Steve Ndengué is a Senior Lecturer in the Condensed Matter Physics section of the East African Institute for Fundamental Research, a UNESCO category 2 institute ICTP partner. He did his undergraduate studies and Master’s in Cameroon at the University of Buea and Douala. He then went for a PhD of Condensed Matter and Radiation at the University of Grenoble in France.
Following his PhD, he held a Lecturer and Senior Lecturer position at the University of Douala. Prior to joining the faculty staff at ICTP-EAIFR, he was a postdoctoral researcher in the group of Richard Dawes at Missouri S&T. Steve Ndengué research interests are in molecular quantum dynamics with a particular interest in applications in atmospheric chemistry, astrophysics, combustion, catalysis, but also method development.
Nicola Marzari holds the Chair of Theory and Simulation of Materials at the École Polytechnique Fédérale de Lausanne, where he is also the director of the MARVEL National Centre for Computational Design and Discovery of Novel Materials.
Previous tenured appointment include the Toyota Chair for Materials Processing at the Massachusetts Institute of Technology, and the first Statutory (University) Chair of Materials Modelling at the University of Oxford, where he was the director of the Materials Modelling Laboratory.
Producing a fuel simply from water and sunlight can seem like a dream, but it’s actually possible. Unfortunately, practical applications are hampered by our limited understanding of the photochemical processes. This team will rely on a regional computational centre located in Rwanda, supported by EPFL, to simulate the dynamics of the chemical processes with accuracy; an efficient way to study this complex reaction and make the dream a reality!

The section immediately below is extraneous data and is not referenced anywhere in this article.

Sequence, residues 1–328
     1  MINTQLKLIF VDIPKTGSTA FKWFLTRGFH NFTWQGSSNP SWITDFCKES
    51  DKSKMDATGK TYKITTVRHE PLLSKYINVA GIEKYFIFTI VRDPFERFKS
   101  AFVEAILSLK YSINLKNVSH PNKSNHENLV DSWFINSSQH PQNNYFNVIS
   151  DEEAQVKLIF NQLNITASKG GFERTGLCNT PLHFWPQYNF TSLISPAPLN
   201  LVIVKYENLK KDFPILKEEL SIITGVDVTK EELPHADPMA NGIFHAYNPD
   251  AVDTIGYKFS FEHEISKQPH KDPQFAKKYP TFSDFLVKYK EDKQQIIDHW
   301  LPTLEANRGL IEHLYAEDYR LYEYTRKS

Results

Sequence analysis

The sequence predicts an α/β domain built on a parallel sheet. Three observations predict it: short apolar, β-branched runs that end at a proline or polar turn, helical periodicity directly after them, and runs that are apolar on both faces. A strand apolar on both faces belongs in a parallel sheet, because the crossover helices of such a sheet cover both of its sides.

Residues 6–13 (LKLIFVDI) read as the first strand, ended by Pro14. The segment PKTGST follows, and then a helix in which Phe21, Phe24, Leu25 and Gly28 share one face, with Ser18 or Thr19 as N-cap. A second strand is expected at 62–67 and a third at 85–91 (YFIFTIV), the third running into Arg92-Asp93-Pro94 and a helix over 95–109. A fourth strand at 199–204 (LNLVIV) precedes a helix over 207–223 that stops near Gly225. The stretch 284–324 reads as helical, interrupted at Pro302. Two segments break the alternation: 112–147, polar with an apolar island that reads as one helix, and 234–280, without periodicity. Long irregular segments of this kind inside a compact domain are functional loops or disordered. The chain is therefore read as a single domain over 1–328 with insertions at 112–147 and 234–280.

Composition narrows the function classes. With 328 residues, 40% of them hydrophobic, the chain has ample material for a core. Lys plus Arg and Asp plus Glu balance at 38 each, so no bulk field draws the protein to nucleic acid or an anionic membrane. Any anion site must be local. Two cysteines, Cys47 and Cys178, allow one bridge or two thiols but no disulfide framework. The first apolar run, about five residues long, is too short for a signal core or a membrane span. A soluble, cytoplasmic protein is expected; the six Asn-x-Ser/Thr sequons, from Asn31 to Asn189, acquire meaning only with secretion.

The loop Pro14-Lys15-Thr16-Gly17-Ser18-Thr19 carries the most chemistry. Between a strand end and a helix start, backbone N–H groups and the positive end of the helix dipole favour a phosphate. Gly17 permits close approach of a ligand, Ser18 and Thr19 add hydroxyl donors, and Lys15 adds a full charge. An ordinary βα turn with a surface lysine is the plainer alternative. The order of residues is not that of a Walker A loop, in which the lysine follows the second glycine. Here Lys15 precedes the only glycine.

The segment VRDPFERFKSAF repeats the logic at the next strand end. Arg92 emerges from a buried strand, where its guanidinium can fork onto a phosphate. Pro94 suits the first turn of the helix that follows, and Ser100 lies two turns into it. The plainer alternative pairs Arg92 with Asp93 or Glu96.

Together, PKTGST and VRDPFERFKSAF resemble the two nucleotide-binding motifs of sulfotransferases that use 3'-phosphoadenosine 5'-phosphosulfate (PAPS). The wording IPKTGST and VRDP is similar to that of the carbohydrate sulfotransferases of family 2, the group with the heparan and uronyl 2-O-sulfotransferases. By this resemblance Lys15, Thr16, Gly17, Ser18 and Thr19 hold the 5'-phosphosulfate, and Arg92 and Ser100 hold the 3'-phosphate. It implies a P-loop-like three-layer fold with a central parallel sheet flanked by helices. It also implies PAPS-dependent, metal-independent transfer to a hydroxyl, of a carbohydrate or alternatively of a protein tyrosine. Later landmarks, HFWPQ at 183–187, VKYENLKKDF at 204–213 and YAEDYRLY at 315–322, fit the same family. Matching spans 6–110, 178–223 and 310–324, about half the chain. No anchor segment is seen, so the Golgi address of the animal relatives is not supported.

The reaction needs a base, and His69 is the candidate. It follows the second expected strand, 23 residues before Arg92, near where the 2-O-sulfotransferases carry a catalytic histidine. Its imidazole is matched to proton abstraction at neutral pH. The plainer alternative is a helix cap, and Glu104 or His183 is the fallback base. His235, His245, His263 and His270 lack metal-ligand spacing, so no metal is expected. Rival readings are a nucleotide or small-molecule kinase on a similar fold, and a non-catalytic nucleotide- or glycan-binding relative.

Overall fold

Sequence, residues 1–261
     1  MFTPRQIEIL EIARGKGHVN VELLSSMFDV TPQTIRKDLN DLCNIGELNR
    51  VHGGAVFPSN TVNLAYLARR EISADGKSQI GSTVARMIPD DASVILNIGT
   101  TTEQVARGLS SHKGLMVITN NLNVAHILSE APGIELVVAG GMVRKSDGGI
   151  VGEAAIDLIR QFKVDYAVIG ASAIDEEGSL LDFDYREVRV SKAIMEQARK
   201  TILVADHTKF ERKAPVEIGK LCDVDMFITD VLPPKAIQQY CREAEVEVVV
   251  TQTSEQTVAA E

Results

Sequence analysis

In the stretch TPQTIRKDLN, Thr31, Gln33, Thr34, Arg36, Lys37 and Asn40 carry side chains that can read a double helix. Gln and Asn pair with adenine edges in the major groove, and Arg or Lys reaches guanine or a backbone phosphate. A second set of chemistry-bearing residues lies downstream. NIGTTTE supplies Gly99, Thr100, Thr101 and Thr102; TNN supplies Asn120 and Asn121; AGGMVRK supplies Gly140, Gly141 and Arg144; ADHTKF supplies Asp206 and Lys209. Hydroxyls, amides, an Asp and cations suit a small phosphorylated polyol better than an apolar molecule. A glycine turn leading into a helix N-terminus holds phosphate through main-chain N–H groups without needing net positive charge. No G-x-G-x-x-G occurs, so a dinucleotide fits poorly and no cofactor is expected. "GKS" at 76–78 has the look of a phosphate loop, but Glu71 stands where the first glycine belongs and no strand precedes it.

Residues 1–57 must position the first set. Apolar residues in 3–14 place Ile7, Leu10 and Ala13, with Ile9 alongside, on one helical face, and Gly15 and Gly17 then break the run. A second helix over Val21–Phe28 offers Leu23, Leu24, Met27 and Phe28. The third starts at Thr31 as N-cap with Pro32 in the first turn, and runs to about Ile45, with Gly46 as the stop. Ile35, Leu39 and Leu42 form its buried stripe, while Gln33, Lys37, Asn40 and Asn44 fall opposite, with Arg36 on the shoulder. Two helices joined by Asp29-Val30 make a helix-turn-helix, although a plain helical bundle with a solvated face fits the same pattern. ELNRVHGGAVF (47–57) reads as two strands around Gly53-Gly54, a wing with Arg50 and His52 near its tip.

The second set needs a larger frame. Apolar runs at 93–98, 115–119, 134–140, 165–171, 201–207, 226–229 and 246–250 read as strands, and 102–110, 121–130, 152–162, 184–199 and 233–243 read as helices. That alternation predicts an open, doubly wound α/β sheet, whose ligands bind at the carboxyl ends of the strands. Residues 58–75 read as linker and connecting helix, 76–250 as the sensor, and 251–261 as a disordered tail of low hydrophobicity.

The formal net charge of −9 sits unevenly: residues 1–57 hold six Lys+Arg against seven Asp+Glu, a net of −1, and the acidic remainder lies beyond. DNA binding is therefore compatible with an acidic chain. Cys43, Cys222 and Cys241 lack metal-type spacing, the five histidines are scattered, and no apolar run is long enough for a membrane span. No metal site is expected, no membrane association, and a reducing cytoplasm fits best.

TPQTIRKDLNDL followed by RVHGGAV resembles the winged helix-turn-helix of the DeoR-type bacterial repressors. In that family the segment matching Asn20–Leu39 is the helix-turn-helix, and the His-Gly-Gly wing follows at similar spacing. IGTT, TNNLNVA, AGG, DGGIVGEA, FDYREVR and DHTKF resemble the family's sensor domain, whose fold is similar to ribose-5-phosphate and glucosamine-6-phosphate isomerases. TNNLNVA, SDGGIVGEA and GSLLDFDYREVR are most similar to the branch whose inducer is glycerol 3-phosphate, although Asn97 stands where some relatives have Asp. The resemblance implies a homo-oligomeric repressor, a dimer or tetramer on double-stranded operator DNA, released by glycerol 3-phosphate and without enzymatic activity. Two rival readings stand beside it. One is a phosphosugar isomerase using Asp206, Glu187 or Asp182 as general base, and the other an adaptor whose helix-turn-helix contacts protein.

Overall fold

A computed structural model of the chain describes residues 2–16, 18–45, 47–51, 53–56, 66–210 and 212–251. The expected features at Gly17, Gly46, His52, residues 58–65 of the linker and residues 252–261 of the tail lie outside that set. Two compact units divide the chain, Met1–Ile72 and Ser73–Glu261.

Photocatalytic water splitting has the potential to generate clean and sustainable energy. The efforts of finding optimal catalysts are nevertheless hampered by our limited understanding of the electronic processes of absorption, diffusion and recombination, where the photoexcited electrons and holes drive the redox reactions.
In this project we will develop a novel approach to study the dynamics of the photodissociation, embedding the quantum dynamics of individual molecules in a multi-scale treatment of the surrounding environment. This will allow us to simulate the dynamics of the process with accuracy, as well as capture the complexity of the interfaces. This approach can then be extended to many other photochemical processes. The project will involve researchers at the newly created ICTP-East African Institute for Fundamental Research in Kigali, Rwanda, and at EPFL in Lausanne, Switzerland. In the course of the project, five junior scientists and the two senior investigators will jump-start a long-term collaboration in a field of great scientific relevance and economic potential.
Keywords: Green energy, Photocatalysis, Quantum simulations